A local clinic in Charlottesville has become the first in the state to offer a specified treatment program tailored to pregnant women trying to break addictions before they give birth.
Dr. Christopher von Elten, a co-founder of Addiction Allies shared with Reporters, “We were realizing that as the dependent population continued to grow, that the pregnant and addicted population would grow along with that,” he added, “We kept asking why no one was addressing it, and we decided we would.”
Elten explained A lot of medical experts and rehabs are opposed to offering medications to pregnant women struggling with addiction to opioids. It can be “burdensome” for providers to navigate necessary regulations.
However, Addiction Allies’ program-which combines classes on nutrition, family and health care with a team of not only medical experts but also gynecological doctors. The model aims to approach addiction and recovery as a safe and empathetic experience. The organization is pleased to announce and share its first graduated student, who recently just gave birth to a healthy and beautiful baby boy.
“This is a time when women tend to be pretty motivated to get set up, to get clean,” Virginia Leavell, Addiction Allies co-founder and programs director told reporters, “But there can be a lot of shame and guilt and fear; we want to remove all that stuff and streamline aid.”
A report conducted in 2018 by the Centers for Disease Control and Prevention states the number of pregnant women with opioid use disorder quadrupled between 1999 and 2014. Nearly 100 infants per day are born with neonatal abstinence syndrome, where babies react to opioid withdrawal with tremors, poor feeding and breathing, or seizures.
The normal way of treatment for pregnant women addicted to painkillers, heroin or fentanyl is to get them into medication-assisted treatment, usually by combining methadone or buprenorphine with a comprehensive treatment plan. Buprenorphine (typically known as Suboxone) limits the effects of physical dependency and withdrawal from opioids, fulfilling a person’s cravings in a safe environment and reducing the risk of relapse.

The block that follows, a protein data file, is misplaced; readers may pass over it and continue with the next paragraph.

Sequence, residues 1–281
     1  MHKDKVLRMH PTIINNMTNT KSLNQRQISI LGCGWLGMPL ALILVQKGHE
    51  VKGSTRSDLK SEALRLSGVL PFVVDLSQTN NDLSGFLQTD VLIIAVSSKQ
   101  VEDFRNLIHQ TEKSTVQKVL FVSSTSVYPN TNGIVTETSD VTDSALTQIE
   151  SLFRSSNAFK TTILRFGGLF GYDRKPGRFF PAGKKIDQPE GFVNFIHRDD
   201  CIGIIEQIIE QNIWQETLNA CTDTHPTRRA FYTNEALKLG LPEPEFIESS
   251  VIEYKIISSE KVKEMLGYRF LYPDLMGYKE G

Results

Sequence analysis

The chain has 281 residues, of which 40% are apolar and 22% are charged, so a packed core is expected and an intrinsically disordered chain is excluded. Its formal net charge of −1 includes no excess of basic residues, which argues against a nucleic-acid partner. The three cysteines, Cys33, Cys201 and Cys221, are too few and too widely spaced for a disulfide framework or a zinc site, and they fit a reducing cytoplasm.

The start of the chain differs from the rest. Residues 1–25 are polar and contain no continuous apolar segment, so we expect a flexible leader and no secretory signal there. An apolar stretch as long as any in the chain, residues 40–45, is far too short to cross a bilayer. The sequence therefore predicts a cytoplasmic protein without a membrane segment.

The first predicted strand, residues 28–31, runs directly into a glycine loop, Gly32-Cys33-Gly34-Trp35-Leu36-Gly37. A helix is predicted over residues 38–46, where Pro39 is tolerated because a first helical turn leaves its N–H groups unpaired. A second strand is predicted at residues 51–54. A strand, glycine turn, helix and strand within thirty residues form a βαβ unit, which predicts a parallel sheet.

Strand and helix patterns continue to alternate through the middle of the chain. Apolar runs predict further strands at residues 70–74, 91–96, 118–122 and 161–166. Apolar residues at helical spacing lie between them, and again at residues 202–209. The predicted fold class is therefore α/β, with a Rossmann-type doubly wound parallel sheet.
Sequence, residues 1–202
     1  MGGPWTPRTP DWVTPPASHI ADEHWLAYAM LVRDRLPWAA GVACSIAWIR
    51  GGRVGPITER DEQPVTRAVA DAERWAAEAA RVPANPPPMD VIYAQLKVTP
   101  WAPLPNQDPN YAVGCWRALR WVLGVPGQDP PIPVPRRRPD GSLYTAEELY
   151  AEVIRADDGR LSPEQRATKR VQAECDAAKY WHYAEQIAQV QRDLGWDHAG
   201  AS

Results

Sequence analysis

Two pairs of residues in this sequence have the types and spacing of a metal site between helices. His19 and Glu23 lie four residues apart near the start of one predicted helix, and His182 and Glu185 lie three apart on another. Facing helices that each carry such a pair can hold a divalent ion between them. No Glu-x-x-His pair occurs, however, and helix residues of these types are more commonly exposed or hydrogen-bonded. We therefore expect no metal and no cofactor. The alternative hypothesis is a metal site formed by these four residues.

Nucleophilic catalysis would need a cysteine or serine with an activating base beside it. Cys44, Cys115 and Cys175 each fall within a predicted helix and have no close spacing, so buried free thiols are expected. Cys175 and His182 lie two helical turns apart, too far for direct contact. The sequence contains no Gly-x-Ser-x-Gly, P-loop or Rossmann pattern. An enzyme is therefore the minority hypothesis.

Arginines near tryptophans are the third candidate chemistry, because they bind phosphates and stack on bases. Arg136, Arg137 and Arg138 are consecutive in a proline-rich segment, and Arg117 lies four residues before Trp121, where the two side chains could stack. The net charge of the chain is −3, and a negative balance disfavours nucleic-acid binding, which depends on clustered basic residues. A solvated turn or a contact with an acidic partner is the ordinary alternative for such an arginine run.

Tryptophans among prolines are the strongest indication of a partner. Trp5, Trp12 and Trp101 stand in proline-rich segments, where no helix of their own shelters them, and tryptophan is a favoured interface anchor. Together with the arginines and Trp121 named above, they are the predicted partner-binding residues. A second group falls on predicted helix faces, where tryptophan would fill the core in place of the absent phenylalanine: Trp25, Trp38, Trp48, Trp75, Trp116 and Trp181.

The reason why medication-assisted treatment is the first step is because it is safer for the babies: According to the National Institutes of Health, “babies born to women treated for opioid disorders with buprenorphine or methadone are less likely to show signs of dependency and withdrawal than those whose addicted mothers are not treated at all.”
But, even with medication-assisted treatment plans some babies still experience withdrawals. However, to avoid passing their addiction, some soon to be mothers want to eliminate the medication completely, although this places the mother and child at a greater risk if the women relapse.
Von Elten said he only offers a taper to his clients on a case-by-case basis. Ultimately Elten said, “Whatever you decide, it’s our job to help you do it as safely as possible.” He added, “At the end of the day, every situation is unique, and we respect the choice of every woman to make an informed choice.”
The clinic will make sure that when women give birth they have a plan-of-care sheet to show a social worker- stable housing, transportation, medical care, and income all planned out in neat handwriting, showing it is safe for the baby to go home with mom. Being there every step of the way is something the clinic will promise every mom that attends their treatment programs.
According to Addiction Allies, they will begin a brand-new class of expectant mothers very soon; with hope to enroll seven women at a time and build lasting relationships that will remain in touch and continue to support each other’s recovery. The cost can be covered by Medicaid and most health insurances. Through its Addiction and Recovery Treatment Services program, the state of Virginia has improved access to substance abuse and counseling services.
Leavell concluded, “One of the most important things for moms is to make sure they do everything right, so their babies can go home with them, this time of pregnancy is a motivator for change.”
The Recover is an unbiased substance abuse and mental health news provider. Helping individuals looking for the right treatment programs in their area. Also providing information on Virginia drug rehab centers for addiction recovery. For more information on Fentanyl and prescription drug abuse, please visit The Recover website
Author: Mckenzie Santa Maria
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